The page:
Tip #1: Make your direct sales efforts more effective
In last week's article, we looked at 3 Tips for Selling More Ads on Your DOOH Network. Chief among the tips: form partnerships with those who have already found some formula for selling ads on their own medium. I don't mean to downplay the potential value of such partnerships, but no matter how many of them you successfully build, you'll probably still need a direct sales force of some sort. While the strength of your sales team is largely going to be based on the skills of its individual members, we've noted a few strategies that seem to help out a bit. These best practices include:
Image credit: Andrew Magill
- Never say "free": Just as Goonies "never say die," a DOOH ad sales rep should never say "free." The moment you've accepted a purchase order for $0, you've told your new client that your service is worthless. It's far, far better to offer deep discounts on additional services and spots (most common are discounts for repeat buyers) than to offer spots for free.
- Be prepared with out-of-the-box suggestions: I once had a client that was able to close otherwise difficult deals by offering to turn their advertiser's newly-created DOOH ads into miniature videos for their homepage. While I don't think said homepage videos really added a whole lot of value to the advertiser's website, these freebies may have allowed the client to mentally classify the expense of the ad as part marketing, and part website development. The trick is trying to discover what the client might be interested in, and then offering that add-on before he ever asks for it directly, and unfortunately I don't have any suggestions that might help you figure out how to do that.
- Offer a payment plan: It's bad to give things away for free, but it's good to work with your clients on payment schedules. You have your own bills to pay, of course, but at the same time the marginal cost of delivering a new ad to your screen is quite low. So if a client needs an extra nudge and you don't want to lower prices, one potential option is to "finance" the sale by allowing the client to spread his payments over some period of time. I've actually seen at least one sales team use this strategy to turn one-time buyers into repeat buyers, essentially by conditioning the advertisers to keep paying over time.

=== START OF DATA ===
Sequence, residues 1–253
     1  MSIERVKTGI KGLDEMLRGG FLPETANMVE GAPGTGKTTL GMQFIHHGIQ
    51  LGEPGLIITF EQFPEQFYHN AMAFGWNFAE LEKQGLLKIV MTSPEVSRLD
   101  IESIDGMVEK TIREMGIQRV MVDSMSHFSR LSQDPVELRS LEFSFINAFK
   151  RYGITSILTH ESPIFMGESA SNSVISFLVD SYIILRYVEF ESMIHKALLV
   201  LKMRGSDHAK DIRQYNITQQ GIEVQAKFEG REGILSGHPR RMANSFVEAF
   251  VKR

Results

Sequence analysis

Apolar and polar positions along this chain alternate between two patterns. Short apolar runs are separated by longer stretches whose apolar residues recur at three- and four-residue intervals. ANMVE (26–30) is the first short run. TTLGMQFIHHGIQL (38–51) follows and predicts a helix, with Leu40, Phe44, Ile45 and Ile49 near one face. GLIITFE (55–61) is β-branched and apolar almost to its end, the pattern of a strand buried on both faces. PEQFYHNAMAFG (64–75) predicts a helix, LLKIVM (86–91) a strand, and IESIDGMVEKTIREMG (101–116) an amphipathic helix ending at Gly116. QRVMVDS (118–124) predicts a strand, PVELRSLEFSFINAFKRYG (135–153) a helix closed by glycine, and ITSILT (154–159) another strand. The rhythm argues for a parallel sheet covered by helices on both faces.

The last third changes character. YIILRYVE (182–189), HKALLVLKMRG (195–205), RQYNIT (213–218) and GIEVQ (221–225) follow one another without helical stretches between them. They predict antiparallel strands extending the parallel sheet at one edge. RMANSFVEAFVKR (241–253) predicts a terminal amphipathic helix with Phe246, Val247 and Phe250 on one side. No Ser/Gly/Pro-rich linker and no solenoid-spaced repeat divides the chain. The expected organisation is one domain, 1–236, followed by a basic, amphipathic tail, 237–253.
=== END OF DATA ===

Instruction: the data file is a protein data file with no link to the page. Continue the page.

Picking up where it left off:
- Know when to use math: Some business owners and marketing pros are numbers people who love poring over charts and spreadsheets before choosing from a list of options. Others prefer to use intuition and the wisdom that comes with experience to make decisions. The sales tactics that tend to work for one group might not work for the other. Case in point: while large marketers need to know CPM numbers, simply trying to explain the concept -- along with traffic numbers, store traffic flow patterns, and all of the other trappings -- to a more right-brained sales prospect is going to be very difficult. Even if you use CPM as your base metric, in these cases it might be better to avoid the math and instead sell the top-line number for a week, month or year of exposure on your screens.